The Art of Pacing

The timer goes off and my pen goes down. I breathe fully, checking for any resistance and tension, and allowing my breath to soothe my body as it sinks into my wheelchair. I prepare for a sit to stand, gently shifting from side to side before I move my body forward and up. I’m in the kitchen, making a cup of tea, tidying a few things away. The timer goes off and I breathe right down to my feet, standing tall whilst grounded and strong. I settle onto the sofa, a cup of tea, Bertie and Bella curled beside me, a cosy blanket and hot water bottle. I allow my body to rest back in the cushions. I reach for my knitting and I breathe.

My pacing hasn’t always been so finely tuned or infused with such care. I used to think I was pacing when in fact all I was doing was blocking out rest time before and after activities I knew would leave me feeling broken. In my diary, I was accounting for ‘boom and bust’, the medical term for the common pattern of overactivity when you feel a bit better and under activity when you feel a bit worse, but I wasn’t pacing in a way that brought stability to my symptoms or rhythm to my day. This led to real extremes; I could be up on stage performing one week and lying in a hospital bed the next.

Over time, I started to do a little less on a ‘good’ day and a little more on a ‘bad’ day. I learnt to break tasks down, using diaries and charts to establish baselines, the amount of time I can do an activity for without exacerbating my symptoms. I began to work in tiny chunks of time, setting a timer to keep me on track, and alternating between tasks that are physically demanding, mentally demanding, and restful.

This approach continues to work well for me, but I realised that as useful as my charts and diaries are, they can feel quite rigid, when life itself is fluid and my condition forever changing. I remembered an OT saying to me, ‘baselines are guidelines not rules,’ and I began to draw more heavily on my practice of mindfulness and compassion, bringing greater kindness and creativity to my pacing. I reminded myself there is always an element of choice; where do I want to put my energy? What do I value most? What’s my priority? I also became more aware of the ‘shoulds’ that can be a barrier to pacing as I need to, and the ‘wants’ that deserve to be listened to. Most recently, I’ve noticed how when my timer goes off I often feel frustrated, with an increase in tension that in turn increases pain and fatigue. My driven self appears as I tend to want to dive straight into the next activity and to achieve as much as I can in that chunk of time. I’m working with this by using the timer and change of activity as a cue to soften, to breathe, to surrender to gravity and to check in with myself. It can feel counterintuitive to the striver in me, but it brings about a profound and helpful shift in my attitude, my body and my ability to manage my symptoms, as well as creating much needed buffer zones in my day.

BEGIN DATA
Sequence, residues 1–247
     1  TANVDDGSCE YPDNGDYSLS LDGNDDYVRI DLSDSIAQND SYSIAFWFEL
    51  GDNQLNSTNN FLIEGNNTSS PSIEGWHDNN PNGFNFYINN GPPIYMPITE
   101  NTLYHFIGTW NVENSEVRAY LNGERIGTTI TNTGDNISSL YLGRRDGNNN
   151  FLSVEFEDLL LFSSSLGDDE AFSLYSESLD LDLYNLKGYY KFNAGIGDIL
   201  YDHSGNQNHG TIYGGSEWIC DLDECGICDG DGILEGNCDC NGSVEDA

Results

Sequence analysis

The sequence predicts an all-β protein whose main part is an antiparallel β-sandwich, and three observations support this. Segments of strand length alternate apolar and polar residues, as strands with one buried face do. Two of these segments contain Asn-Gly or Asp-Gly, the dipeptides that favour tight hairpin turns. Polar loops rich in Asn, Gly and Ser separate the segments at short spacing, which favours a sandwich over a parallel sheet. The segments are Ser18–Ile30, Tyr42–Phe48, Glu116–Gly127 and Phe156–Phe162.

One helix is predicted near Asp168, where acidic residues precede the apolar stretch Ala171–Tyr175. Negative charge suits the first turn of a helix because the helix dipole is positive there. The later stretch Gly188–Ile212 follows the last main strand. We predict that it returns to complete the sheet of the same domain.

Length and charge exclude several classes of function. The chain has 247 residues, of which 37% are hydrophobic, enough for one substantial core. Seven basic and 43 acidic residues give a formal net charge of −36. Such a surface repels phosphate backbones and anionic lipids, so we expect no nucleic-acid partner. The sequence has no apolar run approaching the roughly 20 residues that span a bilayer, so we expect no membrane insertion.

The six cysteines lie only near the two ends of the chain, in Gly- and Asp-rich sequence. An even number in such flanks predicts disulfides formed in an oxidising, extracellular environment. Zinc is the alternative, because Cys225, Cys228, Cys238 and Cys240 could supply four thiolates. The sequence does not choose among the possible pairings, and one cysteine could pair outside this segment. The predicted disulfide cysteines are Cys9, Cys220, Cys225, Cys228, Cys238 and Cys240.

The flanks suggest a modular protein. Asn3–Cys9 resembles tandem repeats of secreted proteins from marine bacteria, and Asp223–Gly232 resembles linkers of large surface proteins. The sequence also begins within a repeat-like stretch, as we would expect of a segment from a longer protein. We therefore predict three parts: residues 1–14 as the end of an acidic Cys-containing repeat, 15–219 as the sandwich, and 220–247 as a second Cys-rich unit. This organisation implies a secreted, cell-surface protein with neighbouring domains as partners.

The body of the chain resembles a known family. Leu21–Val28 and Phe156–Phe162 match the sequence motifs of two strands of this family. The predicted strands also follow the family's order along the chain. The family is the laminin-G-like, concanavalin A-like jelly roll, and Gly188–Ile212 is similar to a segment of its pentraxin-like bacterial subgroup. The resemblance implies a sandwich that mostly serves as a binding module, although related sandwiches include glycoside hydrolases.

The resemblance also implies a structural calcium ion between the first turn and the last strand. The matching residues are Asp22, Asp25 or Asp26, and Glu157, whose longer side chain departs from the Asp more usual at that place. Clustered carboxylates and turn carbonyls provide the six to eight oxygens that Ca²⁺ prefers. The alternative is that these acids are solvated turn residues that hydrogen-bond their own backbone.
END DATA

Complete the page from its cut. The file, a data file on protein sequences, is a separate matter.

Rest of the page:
Pacing is often met with apprehension by people with chronic illness; perhaps there’s a fear of further restriction or maybe it’s the feeling of having something else to do when you feel like doing nothing. It is hard work. Twenty years on and it’s still a work in progress for me, but it has put me back in the driving seat and allowed me to do so much. As I continue to fine tune my pacing, I know it’s working when I have greater stability in my symptoms, I am getting tasks done with focus and enjoyment, and there is a sense of ease and flow to my life. At these points it can fade into the background. I’ve set it up well, I can trust in that and allow it to enable life rather than dictate it.

 

More information on pacing –

The Spoon Theory (commonly known as ‘beans’ in my family)

‘The Art of Mindfulness: Mindfulness in Daily Life Booklet’ – introduces the Breathworks’ mindfulness in daily life and pacing programme, an integral part of the Mindfulness for Health course

Medication or Meditation?

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There’s a bottle of oramorph in my medicine drawer.  Liquid morphine.  It’s sickly sweet, measured in a little cup or syringe.  An opioid painkiller, it’s related to heroin.  It binds to receptors in the spinal cord and brain, blocking the body’s natural response to pain.  It doesn’t necessarily take away pain, but it certainly makes you care less about it.  It’s strong.  It puts you in a woozy haze, somewhere between awake and asleep.  It’s addictive.  Tolerance levels build.  Chronic pain patients can end up taking doses that would kill someone taking it for the first time, and yet they can still be experiencing pain.  Anti-sickness tablets are an essential counterpart, as is water, lots of water, or even better a freezer full of ice-lollies.  Don’t get me started on the drug-induced hangover.Read More